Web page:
Quality of Life and Well-Being of Breast Cancer Patients

Quality of Life and Well-Being of Breast Cancer Patients

Melisa Anderson (College of Health Sciences, University of Technology, Jamaica), Dwayne Tucker (Department of Pathology, Faculty of Medical Sciences, The University of the West Indies, Jamaica), Fabian G. Miller (Faculty of Education, The Mico University College, Jamaica), Kurt Vaz (Department of Pathology, Faculty of Medical Sciences, The University of the West Indies, Jamaica), Lennox Anderson-Jackson (Department of Pathology, Faculty of Medical Sciences, The University of the West Indies, Jamaica) and Donovan McGrowder (Department of Pathology, Faculty of Medical Sciences, The University of the West Indies, Jamaica)
Copyright: © 2020 |Pages: 28
DOI: 10.4018/978-1-7998-1185-5.ch004

Abstract

Breast cancer is a disease in which there is increased proliferation of malignant breast cells. This disease is more likely to begin in the ducts or lobules rather than the connective tissue. Globally, breast cancer is the most regularly diagnosed cancer. It is also a leading cause of cancer-related mortality in females. While cancer of the breast affects the physical aspect of patients, it can also negatively impact the quality of life (QoL) of survivors. There is a dearth of information, especially in the last decade, on the negative impact of breast cancer and treatment modalities on the QoL of patients. This review of the literature will examine the QoL and well-being of breast cancer patients to present a current perspective on the topic. Major findings of past and present articles that have contributed to improving the care of breast cancer patients will be summarized and included.
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Introduction

Over the last decade, there have been advances in treatment strategies and early detection of breast cancer in developed countries, including the United States, the United Kingdom, and other European countries. This has resulted in an increased prevalence of breast cancer survivors (Brady et al., 2018). However, breast cancer survivors usually have health concerns related to treatment and an increased risk of developing other conditions like cardiovascular disease, metabolic syndrome, and recurrence of the disease (Dieli-Conwright et al., 2014). Over the last several years, a variety of measures have been employed to assess the QoL in breast cancer survivors. In evaluating the short- and long-term effects of breast cancer on the QoL of patients, a number of valid cancer-specific health-related QoL (HRQL) instruments have been established, including (Gordon & Siminoff, 2010):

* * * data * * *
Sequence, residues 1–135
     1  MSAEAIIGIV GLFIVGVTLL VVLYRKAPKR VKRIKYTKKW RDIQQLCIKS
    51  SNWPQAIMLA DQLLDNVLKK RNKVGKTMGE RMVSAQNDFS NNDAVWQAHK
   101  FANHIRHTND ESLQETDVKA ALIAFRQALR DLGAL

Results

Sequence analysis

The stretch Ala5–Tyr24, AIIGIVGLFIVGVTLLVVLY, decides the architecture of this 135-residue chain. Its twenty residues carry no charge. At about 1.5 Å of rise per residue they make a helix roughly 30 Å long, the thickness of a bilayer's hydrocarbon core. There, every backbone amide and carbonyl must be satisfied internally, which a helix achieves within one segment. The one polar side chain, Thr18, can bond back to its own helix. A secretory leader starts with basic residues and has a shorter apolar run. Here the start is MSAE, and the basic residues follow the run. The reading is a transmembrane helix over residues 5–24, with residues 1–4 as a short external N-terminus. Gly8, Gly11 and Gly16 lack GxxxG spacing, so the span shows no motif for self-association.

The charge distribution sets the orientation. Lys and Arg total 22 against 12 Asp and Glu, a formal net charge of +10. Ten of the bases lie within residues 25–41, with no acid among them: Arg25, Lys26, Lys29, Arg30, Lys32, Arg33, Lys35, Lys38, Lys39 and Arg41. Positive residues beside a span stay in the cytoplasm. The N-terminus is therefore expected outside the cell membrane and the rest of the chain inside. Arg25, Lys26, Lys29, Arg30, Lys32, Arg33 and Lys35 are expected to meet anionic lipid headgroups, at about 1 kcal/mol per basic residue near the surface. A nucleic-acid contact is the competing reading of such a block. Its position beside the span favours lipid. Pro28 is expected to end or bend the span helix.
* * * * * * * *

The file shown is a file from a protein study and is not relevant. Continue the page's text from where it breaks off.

• European Organization for Research and Treatment of Cancer Care Cancer QoL Questionnaire Core 30 (EORTC QLQ-C30) and its breast cancer specific complementary measure (EORTC QLQ-BR23)

  • Life in Adult Cancer Survivor Scale (QLACS)

  • Functional Adjustment to Cancer Therapy (FACT)

  • Cancer Rehabilitation Evaluation System (CARES)

  • Functional Living Index - Cancer (FLIC).

Demographic and socioeconomic factors (i.e., older age, lack of education, low income) have been found to be negatively related to QoL in breast cancer patients. Gender influences the degree of impairment of QoL. The literature suggests that low income is a risk factor of psychological distress. This is more likely among older females with breast cancer who may be on a fixed income compared with their younger counterparts. However, older females may possess a greater degree of psychological adaptation due to prior life experiences, exposure with healthcare systems, and observing other females diagnosed with the disease (Campbell-Enns & Woodgate, 2015).

This article will review information in the literature on the QoL and well-being of breast cancer patients. It will also examine how social support and physical exercise improve the QoL of these patients during and after treatment. The article will also discuss findings from the literature relating to rehabilitation intervention of breast cancer patients and how these improve QoL and well-being.

Method of Article Selection

A literature search was conducted for all English-language literature published prior to April 2019. The search was conducted using electronic databases, including PubMed, Embase, Web of Science, and Cochrane Library. The search strategy included keywords like breast cancer, QoL, well-being, treatment, intervention, social support, physical exercise, and QoL scales. The authors include several interventional and observational studies with reported findings, particularly recently published journal articles.

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